Effects of the European Timber Regulation (EUTR) and the German Act on Trade of Illegally Harvested Timber (HolzSiG)
Since 2013 the European Timber Regulation prohibits the placement of timber and timber products from illegal sources on the European market. How effective the regulation is implemented in Germany, is analysed by the Thünen Institute.
To combat illegal logging and trade with timber and timber products from illegal sources the FLEGT Action Plan (FLEGT = Forest Law Enforcement, Governance and Trade) was decided by the EU in 2003.
For implementation of the action plan, the European Timber Regulation (Regulation (EU) No 955/2010, short EUTR) was enacted in 2010. The EUTR prohibits the placement of timber and timber products from illegal sources on the European market. The EUTR went into force on March 3rd 2013 and is transposed into national law by the Act on Trade of Illegally Harvested Timber (Holzhandels-Sicherungs-Gesetz, short HolzSiG) in Germany.
At the Thünen Centre of Competence on the Origin of Timber it is analysed, among others, how effective the EUTR and the HolzSiG are in reducing illegal logging and trade. Additionally, the consequences (advantages and disadvantages) for German market operators are assessed and which effects the regulation has on timber markets.
Though it is also considered whether the different national implementation of the EUTR in the EU member states creates unequal market opportunities.
Furthermore, it is examined how coherently the policy areas of illegal logging, climate policy (REDD +), deforestation-free supply chains, certification and bio-economy are intertwined and whether they form synergies or barriers.
National and European policy, market operators and science in the field of illegal logging and timber trade
To answer these questions, market operators surveys, wood market analyses, literature reviews and policy analyses are carried out.
An operator survey has been conducted in 2018, to assess the implementation status of the EUTR by German importing operators, to detect gaps along the implementation process as well as unequalities among market operators.
A written survey has been conducted in 2018, by randomly selecting 5,100 importing operators from Germany and requesting them to answer structured questionnaires. The sample selection was stratified according to import quantities. The data basis was formed by import declarations at the German customs authority in the first half of 2017, covering 17,130 operators. A response of 540 questionnaires could be analysed.
How effective is the EUTR in reducing illegal logging and timber trade?
Are the EUTR’s requirements for market operators realisable, and what are the associated burdens?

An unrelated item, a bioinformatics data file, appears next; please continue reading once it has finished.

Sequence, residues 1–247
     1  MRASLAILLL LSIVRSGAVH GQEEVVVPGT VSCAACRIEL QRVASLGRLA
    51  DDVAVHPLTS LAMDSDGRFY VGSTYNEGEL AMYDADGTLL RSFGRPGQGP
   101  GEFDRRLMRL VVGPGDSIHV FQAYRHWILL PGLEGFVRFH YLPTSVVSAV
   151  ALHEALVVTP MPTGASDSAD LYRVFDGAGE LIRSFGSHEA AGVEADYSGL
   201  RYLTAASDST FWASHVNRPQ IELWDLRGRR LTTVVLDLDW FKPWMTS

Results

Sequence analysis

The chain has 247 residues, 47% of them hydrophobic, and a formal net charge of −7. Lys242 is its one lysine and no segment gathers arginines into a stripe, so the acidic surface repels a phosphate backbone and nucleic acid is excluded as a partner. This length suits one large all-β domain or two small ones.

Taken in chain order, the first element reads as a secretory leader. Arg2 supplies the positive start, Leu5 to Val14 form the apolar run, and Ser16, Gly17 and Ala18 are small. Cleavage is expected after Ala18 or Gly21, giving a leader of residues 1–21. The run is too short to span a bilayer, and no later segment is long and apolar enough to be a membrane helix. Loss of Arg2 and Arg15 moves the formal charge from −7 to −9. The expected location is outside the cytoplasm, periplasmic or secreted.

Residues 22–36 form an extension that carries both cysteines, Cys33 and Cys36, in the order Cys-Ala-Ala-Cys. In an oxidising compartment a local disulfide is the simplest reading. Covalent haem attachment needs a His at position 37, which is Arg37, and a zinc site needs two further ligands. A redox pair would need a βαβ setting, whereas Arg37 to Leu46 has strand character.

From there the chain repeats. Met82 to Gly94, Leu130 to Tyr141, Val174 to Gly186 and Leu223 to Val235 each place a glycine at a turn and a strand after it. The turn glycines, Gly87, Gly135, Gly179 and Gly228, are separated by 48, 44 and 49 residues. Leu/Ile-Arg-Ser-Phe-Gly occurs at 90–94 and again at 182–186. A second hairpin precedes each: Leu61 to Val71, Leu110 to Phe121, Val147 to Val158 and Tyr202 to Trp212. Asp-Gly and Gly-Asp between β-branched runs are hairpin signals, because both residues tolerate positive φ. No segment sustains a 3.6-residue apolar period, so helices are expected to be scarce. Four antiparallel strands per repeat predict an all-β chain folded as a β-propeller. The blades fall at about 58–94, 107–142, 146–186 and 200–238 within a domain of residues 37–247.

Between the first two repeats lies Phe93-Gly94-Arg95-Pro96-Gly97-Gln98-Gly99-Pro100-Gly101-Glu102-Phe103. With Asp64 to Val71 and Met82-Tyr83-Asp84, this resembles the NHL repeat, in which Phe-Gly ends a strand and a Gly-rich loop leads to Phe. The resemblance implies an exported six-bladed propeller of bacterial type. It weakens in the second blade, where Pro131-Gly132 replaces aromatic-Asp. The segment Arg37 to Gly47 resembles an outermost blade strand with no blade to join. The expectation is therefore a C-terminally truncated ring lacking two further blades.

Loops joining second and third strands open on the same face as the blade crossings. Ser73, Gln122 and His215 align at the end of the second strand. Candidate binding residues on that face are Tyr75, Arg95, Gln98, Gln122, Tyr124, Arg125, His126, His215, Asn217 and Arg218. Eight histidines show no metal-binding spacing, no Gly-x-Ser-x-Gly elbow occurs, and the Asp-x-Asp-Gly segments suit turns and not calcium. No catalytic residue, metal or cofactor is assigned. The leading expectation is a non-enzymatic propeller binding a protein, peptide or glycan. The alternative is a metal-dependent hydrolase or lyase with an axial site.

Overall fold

What effects result on timber trade / the timber market?
Is the EU policy intertwined coherently? Which differences exist in the national implementation of the EUTR in EU member states laws?
The survey revealed that the majority of importing operators in Germany import minor quantities of timber products only and operate outside the timber-related sector.
197 of 540 respondents were not aware of having imported timber or timber products and therefore did not feel addressed as operators subject to the EUTR.
Another 114 operators did not know the EUTR. Thus, 42 % of respondents met the prerequisites of awareness and knowledge. They together cover about 91 % of total import value of imported EUTR-products. Large enterprises, operators from the timber-related sector, importers from risk countries and of semi-finished products were significantly more likely to know the EUTR than others.
28 % of operators had installed a due diligence system. They together cover about 76 % of total import value of EUTR-products. Large enterprises and importers from risk countries had a due diligence system significantly more frequently.
Only one-third of operators complies with the EUTR, mainly driven by a lack of information. However, legally compliant operators cover the majority of the imported timber to Germany.
To increase the level of implementation, access to information for small enterprises outside the timber-related sector would have to be guaranteed.
Related research of the TI-WF:
Janzen N, Weimar H (2016) Market coverage of the EUTR - what share of wood imports into the EU is covered by the EUTR? Drewno 59(197), DOI:10.12841/wood.1644-3985.C08.02
Weimar H, Janzen N, Dieter M (2015) Market coverage of wood imports by the EU Timber Regulation. Hamburg: Johann Heinrich von Thünen-Institut, 63 p, Thünen Working Paper 45, DOI:10.3220/WP1440577266000, PDF Dokument (nicht barrierefrei) 1356 KB
Dieter M, Englert H, Weimar H (2012) Wood from illegal harvesting in EU markets: estimations and open issues. Landbauforsch Appl Agric Forestry Res 62(4):247-254, PDF Dokument 401 KB
Dieter M, Englert H, Weimar H (2012) Holz aus illegalem Einschlag in Deutschland und der EU : Status-Quo-Bericht zum Inkrafttreten des Holzhandels-Sicherungs-Gesetz (Holz-SiG). Holz Zentralbl 137(10):257-259, PDF Dokument (nicht barrierefrei) 3064 KB
Dieter M (2009) Analysis of trade in illegally harvested timber: accounting for trade via third party countries. Forest Pol Econ 11(8):600-607, DOI:10.1016/j.forpol.2009.08.003
Permanent task 11.2017
Project status: ongoing